In a large compound off the beaten path of Rollins Street is a 40-year-old bird sanctuary called the Raptor Rehabilitation Project.
In the building there are eagles, hawks, kites, falcons, owls and vultures in various states of recovery.
The Raptor Rehabilitation Project has three purposes: to rehabilitate and release raptors back into the wild, to educate the public about the creatures and to study and learn more about the birds of prey.
Project volunteers take turns presenting at different events, raptors in tow, to talk about the importance of raptors and to provide a rare and up-close view of the birds. They typically present at schools, Boy Scout and Girl Scout events and community events.
Except for faculty advisers and an on-hand orthopedic surgeon, the project is entirely student-run, Raptor Rehabilitation Project President Elizabeth Groth said. She is a third-year veterinary student at MU.
“We pretty much self-teach ourselves, we kind of pass down class-to-class, but it’s almost entirely self-run among students,” she said.
The project attracts 30-50 volunteers each year, who are involved in every step of a bird’s recovery from triage and diagnosis to treatment and release.
The project works within a tight radius. All of the birds are found in Missouri and many are in Columbia.
“A majority of them are found right here in Boone County and in the surrounding counties, and occasionally for eagles we’ll go as far as Lake of the Ozarks area,” Groth said.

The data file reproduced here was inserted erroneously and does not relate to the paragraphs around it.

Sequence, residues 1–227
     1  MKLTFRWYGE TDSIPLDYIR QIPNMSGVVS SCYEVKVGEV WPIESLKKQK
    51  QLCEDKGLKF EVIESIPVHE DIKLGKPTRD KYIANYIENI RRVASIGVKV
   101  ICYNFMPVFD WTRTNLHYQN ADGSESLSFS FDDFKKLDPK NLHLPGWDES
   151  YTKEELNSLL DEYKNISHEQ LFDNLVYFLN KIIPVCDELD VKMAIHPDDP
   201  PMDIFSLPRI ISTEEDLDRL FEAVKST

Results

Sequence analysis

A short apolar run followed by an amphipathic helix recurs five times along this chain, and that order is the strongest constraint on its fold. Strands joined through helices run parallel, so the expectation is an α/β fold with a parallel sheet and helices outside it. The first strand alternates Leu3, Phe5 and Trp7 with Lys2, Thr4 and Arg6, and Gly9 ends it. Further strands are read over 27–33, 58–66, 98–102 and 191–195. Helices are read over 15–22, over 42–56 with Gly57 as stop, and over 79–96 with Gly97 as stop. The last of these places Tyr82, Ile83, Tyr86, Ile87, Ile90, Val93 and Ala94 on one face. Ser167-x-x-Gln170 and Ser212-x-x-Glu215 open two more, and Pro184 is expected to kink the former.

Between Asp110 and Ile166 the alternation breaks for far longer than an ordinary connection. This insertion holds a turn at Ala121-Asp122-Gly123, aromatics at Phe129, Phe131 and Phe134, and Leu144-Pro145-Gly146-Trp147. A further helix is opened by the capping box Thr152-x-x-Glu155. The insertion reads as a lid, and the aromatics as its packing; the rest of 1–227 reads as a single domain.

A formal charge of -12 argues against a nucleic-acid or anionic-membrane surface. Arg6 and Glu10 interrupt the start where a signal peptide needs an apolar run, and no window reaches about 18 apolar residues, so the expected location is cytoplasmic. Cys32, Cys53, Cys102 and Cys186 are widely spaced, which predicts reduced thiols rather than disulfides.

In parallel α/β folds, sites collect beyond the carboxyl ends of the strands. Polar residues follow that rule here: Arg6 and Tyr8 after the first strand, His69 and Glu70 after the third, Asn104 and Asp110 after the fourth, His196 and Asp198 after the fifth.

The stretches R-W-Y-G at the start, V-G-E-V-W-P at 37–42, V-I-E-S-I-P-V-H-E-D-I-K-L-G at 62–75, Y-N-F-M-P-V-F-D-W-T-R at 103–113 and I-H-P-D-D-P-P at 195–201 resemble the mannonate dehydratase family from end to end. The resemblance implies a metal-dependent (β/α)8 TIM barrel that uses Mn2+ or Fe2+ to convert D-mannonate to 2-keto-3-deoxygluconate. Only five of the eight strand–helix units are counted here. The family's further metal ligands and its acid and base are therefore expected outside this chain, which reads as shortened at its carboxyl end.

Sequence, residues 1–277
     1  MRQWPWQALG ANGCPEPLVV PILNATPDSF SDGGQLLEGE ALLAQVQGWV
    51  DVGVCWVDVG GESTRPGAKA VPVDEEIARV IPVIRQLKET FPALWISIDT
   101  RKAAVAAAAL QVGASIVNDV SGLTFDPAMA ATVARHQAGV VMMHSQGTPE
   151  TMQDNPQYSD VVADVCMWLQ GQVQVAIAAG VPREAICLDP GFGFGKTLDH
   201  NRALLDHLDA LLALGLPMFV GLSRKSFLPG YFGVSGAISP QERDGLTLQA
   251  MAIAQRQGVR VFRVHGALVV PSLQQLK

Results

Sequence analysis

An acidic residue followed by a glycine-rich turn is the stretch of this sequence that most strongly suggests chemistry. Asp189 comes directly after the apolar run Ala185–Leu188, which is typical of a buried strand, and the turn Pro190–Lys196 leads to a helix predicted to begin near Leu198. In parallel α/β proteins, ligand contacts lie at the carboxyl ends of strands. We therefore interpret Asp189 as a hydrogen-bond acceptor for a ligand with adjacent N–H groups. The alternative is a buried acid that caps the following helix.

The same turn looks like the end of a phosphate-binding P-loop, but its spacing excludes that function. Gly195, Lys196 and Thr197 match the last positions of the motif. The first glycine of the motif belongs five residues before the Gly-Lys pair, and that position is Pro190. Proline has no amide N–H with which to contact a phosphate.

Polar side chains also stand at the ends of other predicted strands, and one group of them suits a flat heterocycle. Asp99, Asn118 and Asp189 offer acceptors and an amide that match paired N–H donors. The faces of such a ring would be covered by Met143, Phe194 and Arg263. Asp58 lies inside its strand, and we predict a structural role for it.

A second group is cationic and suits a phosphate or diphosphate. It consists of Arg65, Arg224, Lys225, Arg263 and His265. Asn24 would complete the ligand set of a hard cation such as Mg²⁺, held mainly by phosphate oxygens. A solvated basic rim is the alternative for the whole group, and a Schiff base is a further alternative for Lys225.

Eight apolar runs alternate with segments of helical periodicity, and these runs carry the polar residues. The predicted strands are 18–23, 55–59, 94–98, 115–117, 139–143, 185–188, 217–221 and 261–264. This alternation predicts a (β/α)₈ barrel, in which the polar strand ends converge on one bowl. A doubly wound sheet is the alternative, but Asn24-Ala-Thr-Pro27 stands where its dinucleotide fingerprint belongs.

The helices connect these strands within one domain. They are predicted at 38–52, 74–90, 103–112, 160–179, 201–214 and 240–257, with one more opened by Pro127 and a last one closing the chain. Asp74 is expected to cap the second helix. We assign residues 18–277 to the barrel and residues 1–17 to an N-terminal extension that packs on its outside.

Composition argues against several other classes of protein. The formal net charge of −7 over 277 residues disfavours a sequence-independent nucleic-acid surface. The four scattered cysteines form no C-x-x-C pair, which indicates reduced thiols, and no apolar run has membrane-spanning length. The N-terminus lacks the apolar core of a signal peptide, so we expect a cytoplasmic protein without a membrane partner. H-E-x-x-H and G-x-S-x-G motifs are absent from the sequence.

There are currently nine “resident birds” in the project, meaning the birds have sustained permanent injuries and cannot be released into the wild. After releasing a fully healed owl on Saturday, the project has three “rehab birds.”
“Last year we had 85 birds come through our project and we released I think 18 of them,” Groth said. “So our release rate isn’t that high, but from what I understand, it’s pretty close to the national average.”
Most injuries come in the form of broken bones and head injuries as a result of being hit by a car, Groth said. Many eagles also enter the project with lead poisoning.
The rehabilitation process varies from one week to six months or more. Some birds come in weak and malnourished and stay for a few days to eat and regain strength, while other raptors have broken bones that require several months of treatment.
Before the healthy raptors are released they are taken to the project’s “flight cages,” which enable them to redevelop their flight muscles and prove to the volunteers they are still able to hunt for live prey.
Those that cannot be released into the wild travel around town with the volunteers and become a part of the project’s presentations. According to the RRP’s website, the birds serve as “ambassadors” for the project.
Freshman Erin Fuchsen said she finds the ambassadors to be the most interesting part of the project’s presentations.
“I really enjoyed the fact that they had real birds there,” she said. “I like how they keep the permanently injured birds content despite the fact that they can never return to the wild.”
In order to keep the project running, the RRP offers an “adoption” system, where a patron can sponsor a raptor and in return he or she receives a packet with a picture and background history of their adoptive bird. Patrons attend a special picnic each year and also get to see the inside of the compound where the birds live, which is normally closed to the public.